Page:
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"Lullay My Liking" is a Middle English poem or carol from the 15th Century. It is set in the Nativity and suggests a lullaby sung by Mary to the infant Jesus. The term "lullay" is said to originate from the syllables "lu" and "la," as they were sounds used by mothers to calm their children. The Oxford English Dictionary tells us that it is a nonsense word with a soothing sound, making it ideal for a child's lullaby. The author of the poem is unknown.

Lullay my liking, my dear son my sweeting; Lullay my dear heart, me own dear darling.

I saw a fair maiden sytten and sing. She lulléd a little child, a sweete lording.

Lullay my liking, my dear son my sweeting; Lullay my dear heart, me own dear darling.

That eternal Lord is He that made allé thing. Of allé lordés He is Lord, of allé kingés is King. Lullay my liking, my dear son my sweeting; Lullay my dear heart, me own dear darling.

There was mickle melody at that childés birth. Although they were in heaven's bliss they madé mickle mirth.

Angels bright they sang that and saiden to that child: "Blessed be Thou and, so be she that is both meek and mild."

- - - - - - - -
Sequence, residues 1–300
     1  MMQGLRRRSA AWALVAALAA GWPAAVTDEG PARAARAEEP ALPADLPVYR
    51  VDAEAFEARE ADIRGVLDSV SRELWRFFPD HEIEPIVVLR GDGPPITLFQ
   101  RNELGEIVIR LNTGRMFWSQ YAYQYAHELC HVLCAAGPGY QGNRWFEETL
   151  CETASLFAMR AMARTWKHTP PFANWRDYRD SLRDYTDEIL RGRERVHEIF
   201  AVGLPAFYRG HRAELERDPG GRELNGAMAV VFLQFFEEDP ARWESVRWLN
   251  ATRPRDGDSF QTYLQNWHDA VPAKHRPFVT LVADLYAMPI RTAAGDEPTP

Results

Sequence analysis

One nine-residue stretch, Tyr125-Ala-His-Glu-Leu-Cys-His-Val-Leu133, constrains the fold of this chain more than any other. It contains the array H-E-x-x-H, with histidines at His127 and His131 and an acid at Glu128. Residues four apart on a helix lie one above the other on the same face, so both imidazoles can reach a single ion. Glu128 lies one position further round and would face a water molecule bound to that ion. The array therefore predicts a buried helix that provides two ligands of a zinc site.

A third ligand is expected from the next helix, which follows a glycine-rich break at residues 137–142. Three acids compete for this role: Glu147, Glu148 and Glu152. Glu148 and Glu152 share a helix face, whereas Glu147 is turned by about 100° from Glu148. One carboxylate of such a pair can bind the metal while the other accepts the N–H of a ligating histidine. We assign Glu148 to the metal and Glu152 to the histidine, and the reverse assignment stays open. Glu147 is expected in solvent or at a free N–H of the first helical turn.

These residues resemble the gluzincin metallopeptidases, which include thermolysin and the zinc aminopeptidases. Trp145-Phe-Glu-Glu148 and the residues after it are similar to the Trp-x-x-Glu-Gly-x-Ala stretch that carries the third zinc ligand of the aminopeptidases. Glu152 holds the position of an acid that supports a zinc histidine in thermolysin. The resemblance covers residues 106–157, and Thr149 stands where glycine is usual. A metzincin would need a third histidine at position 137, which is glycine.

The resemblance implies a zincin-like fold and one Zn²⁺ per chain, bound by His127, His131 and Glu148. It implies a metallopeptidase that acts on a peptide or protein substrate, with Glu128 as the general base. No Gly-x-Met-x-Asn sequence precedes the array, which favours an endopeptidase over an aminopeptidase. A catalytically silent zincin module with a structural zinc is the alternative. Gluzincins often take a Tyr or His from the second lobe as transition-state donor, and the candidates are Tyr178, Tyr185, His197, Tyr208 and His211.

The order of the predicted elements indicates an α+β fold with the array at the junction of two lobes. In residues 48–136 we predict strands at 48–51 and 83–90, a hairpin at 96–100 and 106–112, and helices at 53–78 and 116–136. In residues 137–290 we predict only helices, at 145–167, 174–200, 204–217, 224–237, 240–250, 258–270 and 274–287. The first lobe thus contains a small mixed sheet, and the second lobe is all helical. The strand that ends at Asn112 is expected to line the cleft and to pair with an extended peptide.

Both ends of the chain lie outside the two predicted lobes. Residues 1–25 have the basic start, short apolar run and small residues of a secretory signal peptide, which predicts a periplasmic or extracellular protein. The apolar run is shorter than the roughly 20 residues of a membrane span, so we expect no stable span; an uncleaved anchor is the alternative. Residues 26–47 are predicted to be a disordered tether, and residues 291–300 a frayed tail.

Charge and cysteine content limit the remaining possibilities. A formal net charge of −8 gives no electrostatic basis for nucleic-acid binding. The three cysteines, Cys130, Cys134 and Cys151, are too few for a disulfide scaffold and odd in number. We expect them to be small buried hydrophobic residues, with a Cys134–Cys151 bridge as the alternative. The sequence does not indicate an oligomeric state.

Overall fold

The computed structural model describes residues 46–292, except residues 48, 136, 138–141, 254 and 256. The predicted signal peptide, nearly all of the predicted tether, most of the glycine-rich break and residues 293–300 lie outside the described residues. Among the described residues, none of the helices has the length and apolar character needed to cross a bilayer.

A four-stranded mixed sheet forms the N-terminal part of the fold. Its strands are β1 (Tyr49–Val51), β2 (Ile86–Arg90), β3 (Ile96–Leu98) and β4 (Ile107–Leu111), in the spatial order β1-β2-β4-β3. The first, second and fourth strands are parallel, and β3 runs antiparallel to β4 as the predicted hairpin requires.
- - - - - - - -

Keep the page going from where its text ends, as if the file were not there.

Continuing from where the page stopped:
Lullay my liking, my dear son my sweeting; Lullay my dear heart, me own dear darling.

Pray we now to that child as did his mother dear; God grant them all his blessing, that now maken cheer. Lullay my liking, my dear son my sweeting; Lullay my dear heart, me own dear darling.

Symbolism in the artwork: Mary and her infant son, Jesus occupy the center of the composition. Like the lyrics of the song, the image suggests a peaceful moment between the two. Surrounding imagery however hints at events outside the nativity. A scroll symbolizes the prophecies that Jesus' birth fulfilled. Grapes and wheat stand for the Lord's Supper, instituted by Jesus Maunday Thursday (Matthew 26). They also recall times Jesus referred to himself as "the vine" (John 15) and "the bread of life" (John 6:35). A palm branch, crown of thorns, hammer and nails all point to Jesus' suffering and death. The peacock and butterfly have traditionally been understood by Christians as symbols of the resurrection. All together, the sweet image of Mary and Jesus is set in a framework that emphasizes the broader significance of Christmas. This image also reacts to Mary's contemplations (Luke 2:19). For a time it was a simple mother and child, but the images in this artwork, like the harmonies in this song, combine sweetness and foreboding. The incarnation of the almighty God as a human in very humble circumstances is a surprise in history. At the same time it was expected from the beginning. The effects of Christmas and Easter have changed this world and they open the door to the next. These were the most important events in history, yet they still evade logic and require simple faith.

Artwork by Jason Jaspersen. jjjaspersen.com Performed by the Minnesota Valley Lutheran High School Chargaliers choir 12/22/15 under the direction of Jon Hermanson.  Soloists: Samuel Weichman, Johanna Kettner.